Filmmaker Maria Stepanska has been running theatre workshops for teenagers displaced from Kyiv to Lviv. Stepanska achieved international success with her 2017 love story Falling, revolving around two young adults trying to find their path in the aftermath of Ukraine’s 2014 Maidan Square revolution. Like many Kyiv citizens, Stepanska headed to the western city of Lviv in the early days of the invasion. Once there, she was struck by how many youngsters were “so into newsfeeds, just scrolling their smartphones.”
She came up with the idea of “a small workshop” aimed at teenagers, giving them something to think about beyond the war.
“The purpose is not to make perfect actors but for kids to keep their minds busy,” the director explains. “The first day, I asked the kids if they minded there being a camera. They said ‘no.’ I realised that this is a safe space for them, for playing. I want to keep it as a safe space for them.”
Composer Ponomariov is also trying to keep busy. He is attempting to write a new musical work inspired by the events of the invasion. He has had a tough time since February 24. After his wife and sons evacuated to the Slovakian capital of Bratislava, he headed for the Ukrainian town of Chernivtsi on the border with Romania where he registered with the military. However, he was left traumatised when the military base where he was receiving basic weapons training came under Russian missile attack.
“The circumstances under which I survived do not fit into my understanding of earthly physics,” he says.
The experience left him so shell-shocked that when an air raid alarm went off in his next military base, he had what he describes as a breakdown. “I woke up in a hospital bed. In a psychiatric clinic. I slept there for several days, psychiatrists and psychologists worked with me. I was eventually diagnosed with PTSD and sent back to the army.”
Now undergoing therapy, the composer says his war-time musical will mix original compositions with sounds of the conflict. “This is a modern work in which, in addition to the orchestra, both modern means of expression and electronics are involved, as well as documentary audio recordings from Ukraine during this war,” he explains.
“I will do everything in my power to ensure that this poem conveys as accurately as possible all the experiences of millions of Ukrainians and one ordinary citizen who has become embroiled in a monstrous, unjust war.”
“My film is from another lifetime
Prior to February 24, Tsilyk, a respected writer and poet as well as a filmmaker, had been scripting a new feature called My Ninth Life. She describes it as “an intimate statement about the loss, depression, crisis of modern 30-40-year-olds in Kyiv and the ability to feel alive and laugh at ourselves despite everything.”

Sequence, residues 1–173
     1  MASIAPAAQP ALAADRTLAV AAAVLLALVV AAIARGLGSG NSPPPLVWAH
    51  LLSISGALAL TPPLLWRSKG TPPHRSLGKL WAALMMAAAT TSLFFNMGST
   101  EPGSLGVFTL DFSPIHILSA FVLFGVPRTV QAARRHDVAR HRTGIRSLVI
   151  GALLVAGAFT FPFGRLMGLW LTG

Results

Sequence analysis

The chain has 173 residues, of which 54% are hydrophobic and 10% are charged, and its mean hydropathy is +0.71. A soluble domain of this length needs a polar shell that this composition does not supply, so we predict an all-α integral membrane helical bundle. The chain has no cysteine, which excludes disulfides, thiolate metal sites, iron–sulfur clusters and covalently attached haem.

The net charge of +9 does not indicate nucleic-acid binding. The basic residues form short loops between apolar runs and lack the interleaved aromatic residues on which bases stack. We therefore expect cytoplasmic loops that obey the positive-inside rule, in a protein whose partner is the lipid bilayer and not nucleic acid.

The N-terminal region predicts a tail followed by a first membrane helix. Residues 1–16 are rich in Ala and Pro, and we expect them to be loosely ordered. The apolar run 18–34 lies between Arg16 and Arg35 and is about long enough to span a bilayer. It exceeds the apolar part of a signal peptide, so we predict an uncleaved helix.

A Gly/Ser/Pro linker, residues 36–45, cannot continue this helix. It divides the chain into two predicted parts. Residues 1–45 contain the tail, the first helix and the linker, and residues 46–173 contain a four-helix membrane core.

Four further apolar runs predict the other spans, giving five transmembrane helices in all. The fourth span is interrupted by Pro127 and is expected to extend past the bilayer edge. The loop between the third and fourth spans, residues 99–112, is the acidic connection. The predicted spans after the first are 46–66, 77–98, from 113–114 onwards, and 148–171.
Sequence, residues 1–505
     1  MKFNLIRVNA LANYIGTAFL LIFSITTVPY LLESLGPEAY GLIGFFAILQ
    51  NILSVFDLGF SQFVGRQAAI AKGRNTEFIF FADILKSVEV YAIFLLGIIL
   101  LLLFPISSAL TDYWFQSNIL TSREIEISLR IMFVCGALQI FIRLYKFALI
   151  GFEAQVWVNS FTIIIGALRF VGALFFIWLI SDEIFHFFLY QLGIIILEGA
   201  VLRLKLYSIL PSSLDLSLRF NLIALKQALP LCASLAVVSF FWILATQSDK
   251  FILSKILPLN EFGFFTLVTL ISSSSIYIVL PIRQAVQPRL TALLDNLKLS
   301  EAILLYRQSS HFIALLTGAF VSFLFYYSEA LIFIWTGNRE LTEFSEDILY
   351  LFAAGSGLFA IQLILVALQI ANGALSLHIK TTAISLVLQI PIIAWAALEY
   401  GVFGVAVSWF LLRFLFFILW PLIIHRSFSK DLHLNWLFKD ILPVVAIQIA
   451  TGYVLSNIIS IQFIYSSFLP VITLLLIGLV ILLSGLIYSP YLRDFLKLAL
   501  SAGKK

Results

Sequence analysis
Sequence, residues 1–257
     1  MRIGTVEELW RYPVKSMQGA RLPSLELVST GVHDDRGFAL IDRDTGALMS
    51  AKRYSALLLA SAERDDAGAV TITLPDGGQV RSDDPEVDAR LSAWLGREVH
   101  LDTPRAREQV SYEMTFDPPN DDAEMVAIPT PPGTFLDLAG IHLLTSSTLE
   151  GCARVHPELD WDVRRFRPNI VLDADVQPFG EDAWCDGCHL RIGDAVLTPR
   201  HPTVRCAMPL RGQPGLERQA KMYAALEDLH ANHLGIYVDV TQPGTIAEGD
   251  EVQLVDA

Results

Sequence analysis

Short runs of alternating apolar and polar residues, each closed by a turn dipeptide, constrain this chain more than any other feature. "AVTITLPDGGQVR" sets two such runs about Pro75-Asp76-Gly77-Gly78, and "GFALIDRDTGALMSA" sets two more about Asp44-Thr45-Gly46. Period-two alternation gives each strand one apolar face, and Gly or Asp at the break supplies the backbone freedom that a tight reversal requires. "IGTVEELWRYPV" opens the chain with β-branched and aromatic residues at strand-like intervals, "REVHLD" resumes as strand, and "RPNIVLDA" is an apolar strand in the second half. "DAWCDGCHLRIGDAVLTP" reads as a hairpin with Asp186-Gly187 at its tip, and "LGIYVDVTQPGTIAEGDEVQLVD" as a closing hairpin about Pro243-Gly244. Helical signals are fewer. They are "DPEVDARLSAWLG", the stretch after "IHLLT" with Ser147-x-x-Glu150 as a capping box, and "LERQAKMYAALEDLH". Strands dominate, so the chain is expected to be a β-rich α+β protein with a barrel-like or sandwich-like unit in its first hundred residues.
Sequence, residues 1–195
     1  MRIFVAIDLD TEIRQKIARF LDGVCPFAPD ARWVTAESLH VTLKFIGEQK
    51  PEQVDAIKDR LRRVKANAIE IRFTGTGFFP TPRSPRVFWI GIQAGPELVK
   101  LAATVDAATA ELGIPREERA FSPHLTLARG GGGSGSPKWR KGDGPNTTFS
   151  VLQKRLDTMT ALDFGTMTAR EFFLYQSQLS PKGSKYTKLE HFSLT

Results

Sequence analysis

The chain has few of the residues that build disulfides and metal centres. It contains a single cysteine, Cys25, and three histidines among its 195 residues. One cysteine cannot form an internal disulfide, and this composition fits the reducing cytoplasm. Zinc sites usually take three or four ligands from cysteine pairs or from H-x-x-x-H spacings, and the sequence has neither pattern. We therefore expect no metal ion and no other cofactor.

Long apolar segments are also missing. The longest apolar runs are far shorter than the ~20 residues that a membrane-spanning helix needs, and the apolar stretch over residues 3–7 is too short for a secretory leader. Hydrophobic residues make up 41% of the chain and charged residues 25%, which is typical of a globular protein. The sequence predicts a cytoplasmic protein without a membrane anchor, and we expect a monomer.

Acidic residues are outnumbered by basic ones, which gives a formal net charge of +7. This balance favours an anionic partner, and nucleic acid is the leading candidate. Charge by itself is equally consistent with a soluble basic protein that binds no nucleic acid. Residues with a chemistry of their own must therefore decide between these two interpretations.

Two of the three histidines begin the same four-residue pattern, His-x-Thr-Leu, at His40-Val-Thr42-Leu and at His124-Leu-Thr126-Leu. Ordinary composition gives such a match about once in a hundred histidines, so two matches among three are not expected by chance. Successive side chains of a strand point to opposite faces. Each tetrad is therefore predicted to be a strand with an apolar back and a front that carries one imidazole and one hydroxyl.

But she reflects on how hard it is to work on a such project now. “I don’t know when I’ll find some power for laughing and making this film,” she says
Tsilyk had also been developing a poetic documentary essay called Those Behind Me about “myself and people of my generation who live with emergency bags on our shoulders. Every minute threat deeply affects our lives, we live so close to Leviathan who wants to devour our identity, our freedom, our future,” she says of the existential threat that Russia has long posed to the Ukrainian state.
She had also recently completed her new feature, Rock. Paper. Grenade. “But I feel strange,” she reveals. “I made this film a year and a half ago and it was some other life. This film is so peaceful… Although it is also largely about war-torn people.”
The film is based on an autobiographical novel by her husband, Artem Chekh, who as a boy had been close friends with a veteran of the Afghan war. She describes it as “a coming-of-age story about relationships between teenagers and broken adults in Ukraine, 1990s. But this is not a gloomy depressive film about the post-Soviet reality that can be expected from a Ukrainian director. It is quite colourful…”
Asked how easy it is to carry on with her creative work in the wake of the Russian invasion, Tsilyk gives an answer which sums up the film community’s defiance.
“Is writing poetry possible after Auschwitz? How can we make films after Mariupol?” she asks. But after a pause she adds: “My task is telling stories to the world. I believe that’s important and I know that silence could be a kind of crime too.”